This molecule plays a vital role in aging processes

Researchers from Thomas Jefferson University have discovered a set of a new subtype of RNA molecules within a cell that they believe to play a vital role in aging process.

Senior author Yohei Kirino, Ph.D., associate professor in the Department of Biochemistry and Molecular Biology and Jefferson’s Computational Medicine Center, said, “A lot of research has focused on the most famous short RNA—the microRNA. “

MicroRNA is powerful in that it can silence messenger RNA, essentially diverting the production of certain cellular elements encoded by the genome, and we can study them with established methods. We wanted to know what these other, more difficult to capture short RNA were doing in the cell. Our study begins to answer that question.”

The subtype of RNA which scientists studied, is called as cyclic-phosphate containing RNA, or cP-RNA. Scientists already knew that the RNA has an unusual form of phosphate. They assumed it was just an intermediate form generated during RNA digestion.

Standard RNA-sequencing techniques cannot capture them as a result of cP’s prevention of an adapter ligation reaction.

Almost before three years, scientists developed a system to target cP-RNAs to amplify and sequence. The method enables them to sequence all of the cP-RNAs present in the mouse tissues. That was the first time; scientists completed sequencing the data for this RNA subtype.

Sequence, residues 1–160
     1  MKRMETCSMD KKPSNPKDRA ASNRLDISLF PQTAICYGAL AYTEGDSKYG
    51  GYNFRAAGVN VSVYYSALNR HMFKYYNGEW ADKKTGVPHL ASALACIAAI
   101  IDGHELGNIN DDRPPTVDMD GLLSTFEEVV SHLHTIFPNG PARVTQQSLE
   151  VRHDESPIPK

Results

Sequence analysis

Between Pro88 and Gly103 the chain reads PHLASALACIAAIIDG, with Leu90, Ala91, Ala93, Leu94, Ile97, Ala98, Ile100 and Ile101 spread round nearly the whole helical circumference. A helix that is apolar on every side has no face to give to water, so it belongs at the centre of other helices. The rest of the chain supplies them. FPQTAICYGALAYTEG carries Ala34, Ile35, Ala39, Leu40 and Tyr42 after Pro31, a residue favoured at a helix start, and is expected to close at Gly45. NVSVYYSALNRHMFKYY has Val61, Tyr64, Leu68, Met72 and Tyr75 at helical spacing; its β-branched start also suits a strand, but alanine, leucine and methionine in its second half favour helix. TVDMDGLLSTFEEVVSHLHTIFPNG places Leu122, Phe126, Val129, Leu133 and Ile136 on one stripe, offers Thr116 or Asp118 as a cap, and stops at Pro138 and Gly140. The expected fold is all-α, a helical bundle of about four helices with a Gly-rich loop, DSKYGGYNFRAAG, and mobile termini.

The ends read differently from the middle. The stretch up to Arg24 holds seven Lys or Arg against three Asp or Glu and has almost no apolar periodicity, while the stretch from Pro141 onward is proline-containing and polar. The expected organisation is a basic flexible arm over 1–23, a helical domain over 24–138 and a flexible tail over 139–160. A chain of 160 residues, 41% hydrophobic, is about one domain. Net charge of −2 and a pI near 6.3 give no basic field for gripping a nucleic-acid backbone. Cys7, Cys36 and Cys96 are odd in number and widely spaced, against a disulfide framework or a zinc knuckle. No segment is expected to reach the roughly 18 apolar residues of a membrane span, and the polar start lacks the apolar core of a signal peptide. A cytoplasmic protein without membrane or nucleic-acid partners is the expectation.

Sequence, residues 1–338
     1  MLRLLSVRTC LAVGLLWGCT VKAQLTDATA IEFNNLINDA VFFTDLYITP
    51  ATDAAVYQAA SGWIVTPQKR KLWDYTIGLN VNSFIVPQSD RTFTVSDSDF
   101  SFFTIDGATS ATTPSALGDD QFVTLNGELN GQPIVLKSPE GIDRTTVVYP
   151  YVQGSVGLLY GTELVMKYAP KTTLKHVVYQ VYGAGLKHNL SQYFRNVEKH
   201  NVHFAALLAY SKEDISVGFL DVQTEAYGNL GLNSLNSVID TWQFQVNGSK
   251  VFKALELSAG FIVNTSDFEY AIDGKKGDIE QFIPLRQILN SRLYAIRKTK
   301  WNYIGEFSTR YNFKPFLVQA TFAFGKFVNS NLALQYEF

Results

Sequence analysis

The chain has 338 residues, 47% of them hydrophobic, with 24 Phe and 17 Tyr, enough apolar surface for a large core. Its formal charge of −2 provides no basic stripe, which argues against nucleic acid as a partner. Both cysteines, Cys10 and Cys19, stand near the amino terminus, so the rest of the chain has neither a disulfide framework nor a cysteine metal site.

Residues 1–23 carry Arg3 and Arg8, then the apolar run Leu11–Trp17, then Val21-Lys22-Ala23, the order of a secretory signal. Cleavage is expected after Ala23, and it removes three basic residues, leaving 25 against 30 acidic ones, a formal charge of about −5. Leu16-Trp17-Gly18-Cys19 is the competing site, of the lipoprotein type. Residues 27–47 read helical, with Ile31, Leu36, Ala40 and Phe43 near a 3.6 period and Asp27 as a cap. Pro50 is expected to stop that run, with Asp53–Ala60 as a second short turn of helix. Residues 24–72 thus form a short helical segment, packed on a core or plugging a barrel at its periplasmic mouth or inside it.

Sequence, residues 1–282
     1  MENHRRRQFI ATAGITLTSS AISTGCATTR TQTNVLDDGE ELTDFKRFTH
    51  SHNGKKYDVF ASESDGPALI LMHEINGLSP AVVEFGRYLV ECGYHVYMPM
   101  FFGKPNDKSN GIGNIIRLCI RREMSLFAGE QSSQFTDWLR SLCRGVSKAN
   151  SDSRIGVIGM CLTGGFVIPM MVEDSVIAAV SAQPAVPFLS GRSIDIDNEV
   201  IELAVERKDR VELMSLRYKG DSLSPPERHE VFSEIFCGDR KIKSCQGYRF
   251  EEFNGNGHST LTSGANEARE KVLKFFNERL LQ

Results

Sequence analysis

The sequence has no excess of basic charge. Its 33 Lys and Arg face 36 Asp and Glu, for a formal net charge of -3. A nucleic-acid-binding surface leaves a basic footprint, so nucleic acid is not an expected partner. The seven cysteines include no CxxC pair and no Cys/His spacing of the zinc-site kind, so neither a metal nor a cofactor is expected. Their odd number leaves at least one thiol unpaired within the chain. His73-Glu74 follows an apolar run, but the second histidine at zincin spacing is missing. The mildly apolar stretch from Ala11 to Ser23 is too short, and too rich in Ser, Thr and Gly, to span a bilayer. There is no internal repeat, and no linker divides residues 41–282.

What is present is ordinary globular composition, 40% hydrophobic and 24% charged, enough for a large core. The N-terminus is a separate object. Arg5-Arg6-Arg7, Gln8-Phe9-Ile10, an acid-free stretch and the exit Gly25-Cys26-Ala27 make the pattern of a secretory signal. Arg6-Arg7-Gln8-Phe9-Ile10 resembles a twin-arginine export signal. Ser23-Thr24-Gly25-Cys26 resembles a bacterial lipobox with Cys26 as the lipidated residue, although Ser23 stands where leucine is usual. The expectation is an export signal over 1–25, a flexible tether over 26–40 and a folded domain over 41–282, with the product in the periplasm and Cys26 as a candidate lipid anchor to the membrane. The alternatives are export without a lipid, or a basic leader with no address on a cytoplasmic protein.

Surprisingly, the sequencing revealed that there was a lot more of the cP-RNA than expected. What’s more, those cP-RNA species were found to be generated from various types of cellular RNAs such as transfer RNAs, messenger RNAs, and ribosomal RNAs. This suggests that cyclic phosphates may be involved in the function of RNA with various roles in the cells.

Scientists also found that those cP-RNAs were very abundant- for example, just one cP-RNA from ribosomal RNA was 300-fold more abundant than all of the varieties of microRNA in the cell combined. As their abundancy changed over time, decreasing in number as the mouse aged.

Kirino said, “We still have more questions about these molecules than we have answers. But given their abundance, how ubiquitous they are in tissues throughout the body, and that their numbers change as tissues age, we know that this is an area that needs further exploration.”

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